As we continue to trudge through this era of cybercrime, federal and state governments are placing increasingly stringent requirements upon organizations to protect client information. 31 states (and Puerto Rico) currently have laws on the books that require organizations to securely protect client information and ensure that all personal data is properly disposed of. For reference, a few years ago only 15 states had such laws, but government officials quickly took notice of the rampant data security breaches that resulted from such lax regulations. Thus, they raised the data protection standards that each organization must reach, and that’s a trend you can expect to see go on for the foreseeable future. As the cybercrime epidemic continues, organizations can expect heavier regulation and more strictly enforced regulatory compliance.

If your organization is to maintain its data security and continue to operate within the parameters of these ever-expanding regulations, you’ll need to revitalize your data security protocols and ensure your compliance with evolving standards. In the interest of keeping your organization up-to-date with the latest regulations, let’s look at the trends of these newest regulatory laws.

New Standards

While each state has enacted its own unique data protection/destruction policies, there is certainly a good deal of overlap to be observed. Let’s look at the national trends of these newest regulations:

• Risk Assessment: In the age of information, ignorance is no longer an excuse for negligence. Claiming to be uninformed of optimal data destruction strategies will not protect your organization from the legal ramifications of a data breach, and this means you need to be aware of and actively trying to fix any weaknesses in your data security. Failure to do so will find you not only with a data breach but with more than a few lawyers breathing down your neck.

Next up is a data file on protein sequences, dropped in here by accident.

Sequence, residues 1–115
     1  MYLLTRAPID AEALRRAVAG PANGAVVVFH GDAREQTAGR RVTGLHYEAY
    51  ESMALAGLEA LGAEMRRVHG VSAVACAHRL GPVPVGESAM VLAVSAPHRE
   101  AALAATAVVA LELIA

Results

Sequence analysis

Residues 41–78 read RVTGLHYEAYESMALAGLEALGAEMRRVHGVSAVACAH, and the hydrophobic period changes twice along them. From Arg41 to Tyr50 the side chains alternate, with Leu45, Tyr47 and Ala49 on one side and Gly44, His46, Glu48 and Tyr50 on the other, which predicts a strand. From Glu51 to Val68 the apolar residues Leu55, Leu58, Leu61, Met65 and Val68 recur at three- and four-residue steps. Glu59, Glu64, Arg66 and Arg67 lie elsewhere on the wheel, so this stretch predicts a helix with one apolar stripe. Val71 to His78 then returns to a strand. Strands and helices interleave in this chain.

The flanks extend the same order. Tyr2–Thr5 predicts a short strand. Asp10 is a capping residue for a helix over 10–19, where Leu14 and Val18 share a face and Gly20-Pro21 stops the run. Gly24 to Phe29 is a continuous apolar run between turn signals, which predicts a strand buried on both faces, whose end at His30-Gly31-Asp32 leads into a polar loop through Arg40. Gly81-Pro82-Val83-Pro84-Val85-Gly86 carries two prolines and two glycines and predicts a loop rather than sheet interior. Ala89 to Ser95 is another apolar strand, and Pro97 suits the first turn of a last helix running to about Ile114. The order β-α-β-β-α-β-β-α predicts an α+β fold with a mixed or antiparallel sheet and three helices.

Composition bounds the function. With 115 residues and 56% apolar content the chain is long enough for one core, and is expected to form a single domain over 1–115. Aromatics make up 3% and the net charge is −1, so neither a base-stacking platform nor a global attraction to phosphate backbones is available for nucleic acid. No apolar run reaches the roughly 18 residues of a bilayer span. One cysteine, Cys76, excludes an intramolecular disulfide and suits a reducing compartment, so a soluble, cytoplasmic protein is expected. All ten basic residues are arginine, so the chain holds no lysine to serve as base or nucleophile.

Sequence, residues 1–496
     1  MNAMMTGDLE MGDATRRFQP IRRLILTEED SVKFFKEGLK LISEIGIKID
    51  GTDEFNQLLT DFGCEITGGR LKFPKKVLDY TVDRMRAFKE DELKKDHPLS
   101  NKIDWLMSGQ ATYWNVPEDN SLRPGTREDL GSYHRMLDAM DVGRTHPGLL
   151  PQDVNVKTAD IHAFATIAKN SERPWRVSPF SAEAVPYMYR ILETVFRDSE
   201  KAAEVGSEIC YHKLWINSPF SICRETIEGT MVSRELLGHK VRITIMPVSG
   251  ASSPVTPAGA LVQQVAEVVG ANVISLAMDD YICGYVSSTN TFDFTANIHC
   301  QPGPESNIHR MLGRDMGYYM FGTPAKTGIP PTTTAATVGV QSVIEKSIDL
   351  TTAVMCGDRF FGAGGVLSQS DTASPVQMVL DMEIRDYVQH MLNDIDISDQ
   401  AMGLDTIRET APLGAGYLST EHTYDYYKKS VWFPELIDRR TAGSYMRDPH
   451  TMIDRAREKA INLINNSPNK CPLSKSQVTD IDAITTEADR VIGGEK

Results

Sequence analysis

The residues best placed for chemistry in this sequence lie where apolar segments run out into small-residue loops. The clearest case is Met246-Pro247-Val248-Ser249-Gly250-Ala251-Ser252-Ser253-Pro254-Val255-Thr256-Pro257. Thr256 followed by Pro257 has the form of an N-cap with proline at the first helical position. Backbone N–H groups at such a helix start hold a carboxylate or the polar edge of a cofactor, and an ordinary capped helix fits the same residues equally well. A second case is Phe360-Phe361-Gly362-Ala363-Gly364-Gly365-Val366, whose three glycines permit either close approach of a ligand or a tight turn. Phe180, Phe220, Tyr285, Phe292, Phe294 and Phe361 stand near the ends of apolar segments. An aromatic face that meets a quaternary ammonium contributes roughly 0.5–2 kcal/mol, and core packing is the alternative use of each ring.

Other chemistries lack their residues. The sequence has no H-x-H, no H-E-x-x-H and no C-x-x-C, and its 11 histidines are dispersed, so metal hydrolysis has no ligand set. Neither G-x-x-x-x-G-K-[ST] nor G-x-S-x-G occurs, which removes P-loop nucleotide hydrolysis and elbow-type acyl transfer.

• Access Restrictions: If your organization grants all employees unlimited access to personally identifiable information (PII), you’ll quickly find yourself on the receiving end of a lawsuit. Part of protecting PII is ensuring that only a select few have access to it, and regulations are enforcing this protection more and more.

• Express Procedures. Data protection cannot be left up to chance any longer, and that means having a written and well-articulated plan for your data protection methods. How is data destroyed? Where will your decommissioned hardware be sent? You need to not only have answers to these questions, but the answers must be widely distributed and understood within your organization.

This is a varied list of data protection requirements, so it’s best to look at each piece individually and examine how your organization can ensure it’s completely compliant with these newest standards.

Managing Data Security Risks

No organization’s data security is perfect–if that were possible, we wouldn’t be seeing a record number of annual data breaches. Just because nothing is perfect, however, doesn’t mean that you can stop trying to improve your data security. On the contrary, the latest regulations insist that you consistently reevaluate and improve upon your data security protocols so that you can keep up with evolving attack vectors utilized by cybercriminals.

Say, for example, that you’ve noticed that your data wipe isn’t working; perhaps it leaves residual information, maybe it doesn’t fit the size or scope of your organization, but for one reason or another you know it’s not the best solution for you. In that situation, you’d be legally obligated to explore alternatives like Clarabyte’s data wipe, which both eradicates data from hardware and is completely scalable to any organization. It would be negligent of you to stick with a product that you know isn’t optimal, and these new regulatory standards mandate that you look at other options.

Of course, nothing in these new industry regulations states that you have to immediately replace a weak point in your data security, only that you must be actively trying to resolve it. Otherwise, you’d quickly find yourself rushing into flawed solutions and only increasing your problems. In the above data wipe scenario, scheduling a demonstration of Clarabyte’s wipe would be a more than adequate solution to prove that you’re actively investigating solutions to your data security issue.

In short, the latest regulatory standards require you to actively seek out weaknesses within your data security policies and do your best to address and resolve them. This doesn’t necessarily mean rushing into a decision, but you will need to prove that you’re actively pursuing solutions if such information is ever asked of you. While this addresses a process rather than a tangible action, some of the other standards are substantially more concrete.

Implementing Access Restrictions